SAN PEDRO, Calif. — June 17, 2008 — Los Angeles City Council today gave its approval to the Port of Los Angeles’ Clean Truck Program (CTP), the landmark plan designed to help slash port-related, diesel truck emissions by 80 percent.  Today’s Council vote adds further momentum to the Port’s transition to a License Motor Carrier-based truck concession system beginning October 1, 2008.

The CTP will accelerate the replacement of high-polluting trucks with cleaner trucks while elevating port drayage to 21st Century trucking industry standards. Licensed Motor Carriers will enter into drayage concession agreements with criteria including a requirement to commit to using 100-percent employee drivers by calendar year 2013 in a phased-in schedule. The Port will now be able to hold those companies accountable for maintaining trucks and employing properly credentialed drivers. That, in turn, will ensure a sufficient supply of drivers, improve truck safety and maintenance while lowering emissions, enhance Port security and reduce the negative impacts that drayage services have on communities near the Port.

“I applaud the City Council for saying enough is enough,” said Los Angeles Mayor Antonio Villaraigosa. “When 1,200 lives are cut short every year by toxic emissions coming from the Port, we have a moral mandate to act fast and effectively. That is why LA is committed to a clean truck program that will clean and green our ports for the long haul.”

Pollution from the truck fleet serving the San Pedro Bay ports contributes to hundreds of premature deaths annually in Southern California, with the public paying between $100 million and $590 million annually in health impact costs alone, according to the California Air Resources Board.  The neighboring ports of Los Angeles and Long Beach are facilitating a multi-billion dollar initiative to underwrite the cost of a new drayage fleet of “clean” trucks that meet 2007 federal emissions standards by January 1, 2012. Although the two ports’ Concession plans vary in their details, their collective goal is to reduce port related truck pollution by an estimated 80 percent.

“We’re very pleased that the Council has shown its support of the Clean Truck Program today,” said Port of Los Angeles Executive Director Geraldine Knatz, Ph.D.  “We are confident that our Program is the best way to address the pollution that older, dirty trucks pour into the air we all breathe.”

Major benefits envisioned by the Port of Los Angeles through its Clean Truck Program include enhancements in the areas of efficiency, productivity and technology. The Port believes that a system which affords more accountability through the use of employee drivers will reduce the number of trucks required to provide drayage by moving away from the present “one truck, one driver” system toward a system that will increase efficiency by allowing multiple drivers to drive trucks over multiple shifts.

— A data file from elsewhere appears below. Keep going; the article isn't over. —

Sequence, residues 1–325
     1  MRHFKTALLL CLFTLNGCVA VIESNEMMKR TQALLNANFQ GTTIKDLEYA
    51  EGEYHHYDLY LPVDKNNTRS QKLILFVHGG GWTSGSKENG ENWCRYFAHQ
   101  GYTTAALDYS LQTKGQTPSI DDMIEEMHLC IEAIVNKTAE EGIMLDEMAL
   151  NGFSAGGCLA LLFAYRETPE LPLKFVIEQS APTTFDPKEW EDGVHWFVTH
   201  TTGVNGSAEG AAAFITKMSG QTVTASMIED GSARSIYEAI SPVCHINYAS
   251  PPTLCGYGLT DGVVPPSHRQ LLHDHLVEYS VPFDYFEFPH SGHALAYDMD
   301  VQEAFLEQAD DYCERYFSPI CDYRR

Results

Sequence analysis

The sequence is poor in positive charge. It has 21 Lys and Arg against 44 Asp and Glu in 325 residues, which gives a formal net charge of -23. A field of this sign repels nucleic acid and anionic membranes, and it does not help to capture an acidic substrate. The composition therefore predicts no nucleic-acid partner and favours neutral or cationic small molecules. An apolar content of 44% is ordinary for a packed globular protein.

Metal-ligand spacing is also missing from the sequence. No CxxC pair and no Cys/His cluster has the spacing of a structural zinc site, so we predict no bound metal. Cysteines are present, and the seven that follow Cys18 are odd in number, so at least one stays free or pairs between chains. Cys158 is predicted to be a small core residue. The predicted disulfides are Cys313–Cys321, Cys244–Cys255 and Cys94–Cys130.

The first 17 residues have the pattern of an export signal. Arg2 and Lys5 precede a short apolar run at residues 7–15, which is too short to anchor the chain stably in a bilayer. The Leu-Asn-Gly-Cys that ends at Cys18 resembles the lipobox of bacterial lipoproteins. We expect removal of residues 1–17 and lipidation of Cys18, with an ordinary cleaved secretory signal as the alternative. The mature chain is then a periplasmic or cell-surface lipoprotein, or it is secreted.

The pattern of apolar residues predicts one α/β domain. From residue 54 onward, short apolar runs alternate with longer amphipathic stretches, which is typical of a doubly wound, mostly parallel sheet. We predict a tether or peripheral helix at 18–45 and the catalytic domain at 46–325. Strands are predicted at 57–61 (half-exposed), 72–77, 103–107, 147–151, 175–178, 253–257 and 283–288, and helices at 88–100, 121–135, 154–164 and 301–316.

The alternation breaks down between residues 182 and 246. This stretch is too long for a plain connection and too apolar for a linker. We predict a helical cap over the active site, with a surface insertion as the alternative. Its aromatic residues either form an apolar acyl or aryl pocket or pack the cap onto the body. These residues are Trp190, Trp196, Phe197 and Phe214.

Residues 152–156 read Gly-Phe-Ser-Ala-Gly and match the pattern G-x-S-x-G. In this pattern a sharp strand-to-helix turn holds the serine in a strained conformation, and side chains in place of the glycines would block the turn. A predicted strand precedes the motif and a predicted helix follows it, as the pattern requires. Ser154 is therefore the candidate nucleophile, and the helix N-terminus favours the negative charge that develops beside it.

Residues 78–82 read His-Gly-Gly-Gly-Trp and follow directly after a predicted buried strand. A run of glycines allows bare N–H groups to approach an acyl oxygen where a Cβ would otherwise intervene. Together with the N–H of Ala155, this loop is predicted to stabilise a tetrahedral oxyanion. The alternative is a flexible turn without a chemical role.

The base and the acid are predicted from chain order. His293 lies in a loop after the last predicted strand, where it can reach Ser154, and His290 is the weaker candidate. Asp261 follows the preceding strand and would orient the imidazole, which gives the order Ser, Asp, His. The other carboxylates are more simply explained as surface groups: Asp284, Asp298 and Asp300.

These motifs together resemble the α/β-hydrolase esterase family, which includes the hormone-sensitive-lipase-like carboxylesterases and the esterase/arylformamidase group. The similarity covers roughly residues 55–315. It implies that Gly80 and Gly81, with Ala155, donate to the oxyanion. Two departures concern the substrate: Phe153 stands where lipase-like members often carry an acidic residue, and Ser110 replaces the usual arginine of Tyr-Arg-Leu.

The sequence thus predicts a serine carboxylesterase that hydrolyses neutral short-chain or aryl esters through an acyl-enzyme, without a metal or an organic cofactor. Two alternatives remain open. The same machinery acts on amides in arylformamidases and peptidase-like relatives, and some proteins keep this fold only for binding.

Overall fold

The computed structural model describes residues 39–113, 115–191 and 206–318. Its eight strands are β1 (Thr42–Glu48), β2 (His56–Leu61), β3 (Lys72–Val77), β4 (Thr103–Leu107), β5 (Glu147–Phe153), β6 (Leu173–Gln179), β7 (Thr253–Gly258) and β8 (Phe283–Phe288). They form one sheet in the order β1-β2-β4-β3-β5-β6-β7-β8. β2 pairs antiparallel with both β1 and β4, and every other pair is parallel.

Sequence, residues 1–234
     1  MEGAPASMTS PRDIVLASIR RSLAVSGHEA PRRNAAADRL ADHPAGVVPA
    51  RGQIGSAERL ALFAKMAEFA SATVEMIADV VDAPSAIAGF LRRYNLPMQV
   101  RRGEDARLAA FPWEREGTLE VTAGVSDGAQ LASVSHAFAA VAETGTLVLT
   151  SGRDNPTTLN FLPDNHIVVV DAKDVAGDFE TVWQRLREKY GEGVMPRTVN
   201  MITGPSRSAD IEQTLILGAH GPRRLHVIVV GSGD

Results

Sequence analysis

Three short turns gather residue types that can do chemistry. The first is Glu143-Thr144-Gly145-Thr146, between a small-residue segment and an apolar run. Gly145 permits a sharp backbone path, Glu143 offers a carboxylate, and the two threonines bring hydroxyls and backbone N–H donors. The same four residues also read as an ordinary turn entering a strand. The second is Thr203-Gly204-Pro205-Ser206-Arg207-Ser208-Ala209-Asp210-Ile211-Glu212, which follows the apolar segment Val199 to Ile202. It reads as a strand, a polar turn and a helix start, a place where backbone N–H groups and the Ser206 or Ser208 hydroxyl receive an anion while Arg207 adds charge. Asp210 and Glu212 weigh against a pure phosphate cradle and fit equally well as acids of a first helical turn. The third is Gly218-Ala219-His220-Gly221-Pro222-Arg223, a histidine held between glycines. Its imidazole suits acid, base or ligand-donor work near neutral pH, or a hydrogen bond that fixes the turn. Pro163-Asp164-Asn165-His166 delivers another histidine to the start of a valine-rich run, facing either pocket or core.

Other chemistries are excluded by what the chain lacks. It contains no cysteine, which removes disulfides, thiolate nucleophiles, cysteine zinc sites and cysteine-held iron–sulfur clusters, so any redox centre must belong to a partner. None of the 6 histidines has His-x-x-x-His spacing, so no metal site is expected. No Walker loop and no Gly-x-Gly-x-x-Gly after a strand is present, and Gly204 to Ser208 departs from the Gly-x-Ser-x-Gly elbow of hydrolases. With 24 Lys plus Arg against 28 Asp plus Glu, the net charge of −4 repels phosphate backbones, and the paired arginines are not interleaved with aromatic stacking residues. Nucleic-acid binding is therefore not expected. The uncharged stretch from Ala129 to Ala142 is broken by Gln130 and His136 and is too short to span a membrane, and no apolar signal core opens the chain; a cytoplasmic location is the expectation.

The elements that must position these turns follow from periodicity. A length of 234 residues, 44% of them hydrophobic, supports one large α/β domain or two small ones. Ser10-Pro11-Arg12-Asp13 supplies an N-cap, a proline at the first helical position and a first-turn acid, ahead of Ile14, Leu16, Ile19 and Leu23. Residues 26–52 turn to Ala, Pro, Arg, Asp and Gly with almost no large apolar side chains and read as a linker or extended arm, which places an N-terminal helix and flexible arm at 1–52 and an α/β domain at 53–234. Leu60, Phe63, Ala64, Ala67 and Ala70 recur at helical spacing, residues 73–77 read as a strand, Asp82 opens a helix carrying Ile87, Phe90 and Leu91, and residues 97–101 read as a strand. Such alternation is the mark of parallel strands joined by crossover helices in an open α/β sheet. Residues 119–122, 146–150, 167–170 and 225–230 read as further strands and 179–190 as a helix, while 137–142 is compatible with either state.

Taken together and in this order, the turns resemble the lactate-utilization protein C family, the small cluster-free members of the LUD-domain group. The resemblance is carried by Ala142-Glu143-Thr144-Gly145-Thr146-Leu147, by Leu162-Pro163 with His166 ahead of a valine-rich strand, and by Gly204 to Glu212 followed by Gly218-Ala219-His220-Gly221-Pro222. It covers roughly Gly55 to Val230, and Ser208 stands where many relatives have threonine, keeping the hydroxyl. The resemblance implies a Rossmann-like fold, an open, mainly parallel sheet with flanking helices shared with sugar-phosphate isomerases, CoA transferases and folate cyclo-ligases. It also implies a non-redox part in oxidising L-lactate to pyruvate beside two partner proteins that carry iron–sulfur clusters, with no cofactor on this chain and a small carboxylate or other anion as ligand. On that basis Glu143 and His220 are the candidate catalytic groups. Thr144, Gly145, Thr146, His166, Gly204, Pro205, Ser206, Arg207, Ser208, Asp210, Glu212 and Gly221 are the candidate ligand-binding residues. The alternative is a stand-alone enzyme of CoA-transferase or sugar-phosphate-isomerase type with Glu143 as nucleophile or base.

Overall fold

To further improve productivity and cost efficiency, while helping to reduce truck emissions, the Port will ask its concessionaires to agree to work with the Port to develop technologies that track empty containers and match them with deliveries of loaded containers. Concessionaires will also be asked to help develop effective schedule strategies that avoid congestion at terminal gates and optimize the use of drayage trucks.  The Port will begin registering frequent-calling trucks in the coming weeks and will also begin making on-site registration for the federal Transportation Worker Identification Credential available within the month.

The Port of Los Angeles, also known as “America’s Port,” has a strong commitment to developing innovative strategic and sustainable operations that benefit the economy and the quality of life for the region and the nation it serves. A recipient of numerous environmental awards, including the U.S. Environmental Protection Agency's 2007 Clean Air Excellence Award, the Port of Los Angeles is committed to innovating cleaner, greener ways of doing business. As the leading seaport in North America in terms of shipping container volume and cargo value, the Port generates 919,000 regional jobs and $39.1 billion in annual wages and tax revenues. A proprietary department of the City of Los Angeles, the Port is self-supporting and does not receive taxpayer dollars. The Port of Los Angeles - A cleaner port. A brighter future.